Even as the number of confirmed COVID-19 cases in Minnesota continues to soar, the push to dramatically expand testing is coming up short because not enough people with symptoms are seeking tests.

The puzzling twist comes as the state Saturday recorded its fourth consecutive day of more than 700 new confirmed COVID-19 cases. It also reported 24 more deaths. The case count continues its steady climb even as officials admit that testing remains unable to capture the full extent of the virus' spread.

In April, Gov. Tim Walz unveiled a "moon shot" testing program for COVID-19 with the Mayo Clinic, the University of Minnesota and HealthPartners with a goal of gathering up to 20,000 samples per day. Yet Walz said during a call with reporters Friday that the number of completed tests in recent days doesn't reflect even half of the state's current capacity, which he described as "over 10,000."

"The providers are telling us: People aren't coming in, either because they had gotten the message previously that testing wasn't available or for whatever reason," said Jan Malcolm, the state's health commissioner. "People aren't availing themselves of the testing capacity that's there. We need to do better."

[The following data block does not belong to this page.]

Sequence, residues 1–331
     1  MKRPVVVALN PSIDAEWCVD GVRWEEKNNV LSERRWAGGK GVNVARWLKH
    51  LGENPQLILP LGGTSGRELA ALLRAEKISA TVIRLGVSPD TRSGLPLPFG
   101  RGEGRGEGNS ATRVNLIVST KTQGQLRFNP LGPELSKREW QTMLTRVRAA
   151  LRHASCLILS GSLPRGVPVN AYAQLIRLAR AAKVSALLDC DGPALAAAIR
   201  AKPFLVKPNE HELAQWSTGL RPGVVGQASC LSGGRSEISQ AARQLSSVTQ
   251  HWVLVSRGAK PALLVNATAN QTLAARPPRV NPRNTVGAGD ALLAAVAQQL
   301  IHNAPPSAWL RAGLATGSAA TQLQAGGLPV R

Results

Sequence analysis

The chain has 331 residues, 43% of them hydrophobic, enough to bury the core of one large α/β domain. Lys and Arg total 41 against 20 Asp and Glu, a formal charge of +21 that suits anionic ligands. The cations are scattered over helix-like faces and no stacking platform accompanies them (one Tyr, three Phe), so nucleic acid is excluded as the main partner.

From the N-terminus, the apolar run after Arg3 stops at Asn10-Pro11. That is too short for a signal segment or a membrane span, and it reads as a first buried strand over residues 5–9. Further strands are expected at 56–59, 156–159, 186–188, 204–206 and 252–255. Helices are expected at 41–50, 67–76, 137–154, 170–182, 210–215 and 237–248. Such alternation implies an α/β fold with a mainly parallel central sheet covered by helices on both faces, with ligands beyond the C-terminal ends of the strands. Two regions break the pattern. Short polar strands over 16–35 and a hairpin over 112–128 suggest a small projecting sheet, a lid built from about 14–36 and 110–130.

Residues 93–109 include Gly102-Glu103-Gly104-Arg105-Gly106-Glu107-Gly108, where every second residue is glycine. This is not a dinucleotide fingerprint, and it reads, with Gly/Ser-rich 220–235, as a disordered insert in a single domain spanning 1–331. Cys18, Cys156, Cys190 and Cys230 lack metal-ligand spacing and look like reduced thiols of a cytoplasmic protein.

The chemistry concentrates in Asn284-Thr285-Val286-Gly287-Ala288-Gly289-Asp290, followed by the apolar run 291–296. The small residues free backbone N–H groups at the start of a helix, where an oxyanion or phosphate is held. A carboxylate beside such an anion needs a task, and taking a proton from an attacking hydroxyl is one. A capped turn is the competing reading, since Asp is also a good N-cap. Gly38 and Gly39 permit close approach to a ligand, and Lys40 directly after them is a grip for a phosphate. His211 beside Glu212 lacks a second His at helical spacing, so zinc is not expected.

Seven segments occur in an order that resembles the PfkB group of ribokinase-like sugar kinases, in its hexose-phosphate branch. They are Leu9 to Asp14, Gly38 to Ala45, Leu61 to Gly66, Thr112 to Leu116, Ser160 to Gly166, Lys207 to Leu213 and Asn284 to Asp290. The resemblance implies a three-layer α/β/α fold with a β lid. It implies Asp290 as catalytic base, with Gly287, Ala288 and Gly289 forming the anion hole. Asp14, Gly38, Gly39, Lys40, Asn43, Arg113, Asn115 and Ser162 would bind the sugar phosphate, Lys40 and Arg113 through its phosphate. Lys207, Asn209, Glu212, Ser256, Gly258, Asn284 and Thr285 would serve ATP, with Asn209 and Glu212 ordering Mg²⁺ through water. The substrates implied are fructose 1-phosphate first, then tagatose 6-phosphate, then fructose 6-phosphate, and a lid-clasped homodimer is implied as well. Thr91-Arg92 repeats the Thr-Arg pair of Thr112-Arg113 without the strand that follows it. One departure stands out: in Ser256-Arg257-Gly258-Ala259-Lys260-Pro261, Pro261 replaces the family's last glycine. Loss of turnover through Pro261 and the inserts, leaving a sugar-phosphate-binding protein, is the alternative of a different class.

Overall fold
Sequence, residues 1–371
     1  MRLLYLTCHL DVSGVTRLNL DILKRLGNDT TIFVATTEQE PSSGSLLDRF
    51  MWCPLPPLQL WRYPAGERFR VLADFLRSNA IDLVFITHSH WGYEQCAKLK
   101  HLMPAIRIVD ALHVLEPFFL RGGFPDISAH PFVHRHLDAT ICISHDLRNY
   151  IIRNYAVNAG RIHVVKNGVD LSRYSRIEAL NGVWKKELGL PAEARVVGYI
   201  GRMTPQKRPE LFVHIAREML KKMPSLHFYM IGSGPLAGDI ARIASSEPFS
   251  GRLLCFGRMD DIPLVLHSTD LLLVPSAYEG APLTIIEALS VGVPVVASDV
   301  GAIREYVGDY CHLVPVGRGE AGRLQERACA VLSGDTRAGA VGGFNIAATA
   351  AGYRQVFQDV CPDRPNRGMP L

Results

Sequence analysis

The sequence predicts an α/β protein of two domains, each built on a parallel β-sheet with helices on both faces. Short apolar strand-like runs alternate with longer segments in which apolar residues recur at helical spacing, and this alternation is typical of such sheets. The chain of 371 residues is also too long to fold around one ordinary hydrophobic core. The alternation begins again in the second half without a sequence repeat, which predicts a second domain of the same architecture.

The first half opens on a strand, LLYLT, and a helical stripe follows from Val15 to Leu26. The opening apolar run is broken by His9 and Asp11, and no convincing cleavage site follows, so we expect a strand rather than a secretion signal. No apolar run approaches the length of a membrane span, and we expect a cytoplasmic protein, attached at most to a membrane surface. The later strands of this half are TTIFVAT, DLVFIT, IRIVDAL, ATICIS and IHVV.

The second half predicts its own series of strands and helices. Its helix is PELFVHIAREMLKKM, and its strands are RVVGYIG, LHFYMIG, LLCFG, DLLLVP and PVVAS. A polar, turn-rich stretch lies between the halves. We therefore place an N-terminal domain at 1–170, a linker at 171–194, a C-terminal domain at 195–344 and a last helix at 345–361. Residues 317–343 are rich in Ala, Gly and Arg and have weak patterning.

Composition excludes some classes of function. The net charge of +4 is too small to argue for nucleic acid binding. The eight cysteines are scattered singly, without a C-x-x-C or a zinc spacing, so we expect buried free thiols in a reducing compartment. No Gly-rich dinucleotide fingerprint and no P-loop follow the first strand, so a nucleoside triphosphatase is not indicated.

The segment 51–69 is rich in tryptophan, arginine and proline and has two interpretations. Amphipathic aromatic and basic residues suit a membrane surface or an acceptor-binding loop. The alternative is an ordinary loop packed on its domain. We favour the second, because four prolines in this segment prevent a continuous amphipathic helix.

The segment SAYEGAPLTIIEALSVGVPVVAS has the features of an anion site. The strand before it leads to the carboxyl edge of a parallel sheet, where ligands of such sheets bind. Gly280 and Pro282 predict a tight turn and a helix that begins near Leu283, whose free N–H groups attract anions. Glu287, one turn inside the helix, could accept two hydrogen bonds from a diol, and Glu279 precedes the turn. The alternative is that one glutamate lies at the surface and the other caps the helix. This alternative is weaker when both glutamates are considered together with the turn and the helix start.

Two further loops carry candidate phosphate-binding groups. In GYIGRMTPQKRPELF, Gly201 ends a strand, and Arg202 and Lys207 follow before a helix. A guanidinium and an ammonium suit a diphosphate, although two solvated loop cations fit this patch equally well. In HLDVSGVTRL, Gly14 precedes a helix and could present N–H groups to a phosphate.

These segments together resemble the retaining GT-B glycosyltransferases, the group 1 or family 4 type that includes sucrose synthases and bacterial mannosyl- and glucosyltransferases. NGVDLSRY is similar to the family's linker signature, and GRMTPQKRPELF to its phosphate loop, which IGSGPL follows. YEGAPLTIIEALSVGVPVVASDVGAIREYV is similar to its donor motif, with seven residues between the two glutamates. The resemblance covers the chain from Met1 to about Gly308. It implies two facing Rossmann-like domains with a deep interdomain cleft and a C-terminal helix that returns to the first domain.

The Minnesota Department of Health is calling for patients with symptoms to get tested. Testing is key to understanding not only the disease, but also when states can begin to safely reopen businesses and activities that remain shut down by stay-at-home orders.

"The problem with this virus is that it does spread really easily," said Dr. Mark McClellan, a health policy expert at Duke University.

"The more we can get testing capacity up and in place … the safer it will be to reopen," said McClellan, who was a top health official in the administration of President George W. Bush. "We need to go slowly because we don't know how much the steps we're taking now are really accelerating case growth. We also should be cautious because testing is not ideally where we'd like it to be."

As of Saturday, COVID-19 has claimed 558 lives in Minnesota, according to the Health Department. Sixteen of the deaths reported Saturday were residents of long-term care facilities, and the other eight were over age 65 or had underlying health problems.

Long-term care residents and those 65 and over are at greater risk from COVID-19. That's also true for people with a variety of medical conditions ranging from lung disease, serious heart conditions and cancer to severe obesity, diabetes and kidney patients who need dialysis.

During the first nine days of May, the number of confirmed COVID-19 cases has more than doubled to 10,790, in part due to increased testing.

From March 6, when the first case was reported, to April 30, only 5,136 COVID-19 cases had been confirmed.

Three Minnesota counties — Cook, Hubbard and Lake of the Woods — still have no confirmed cases, though health officials believe the virus is circulating throughout the state.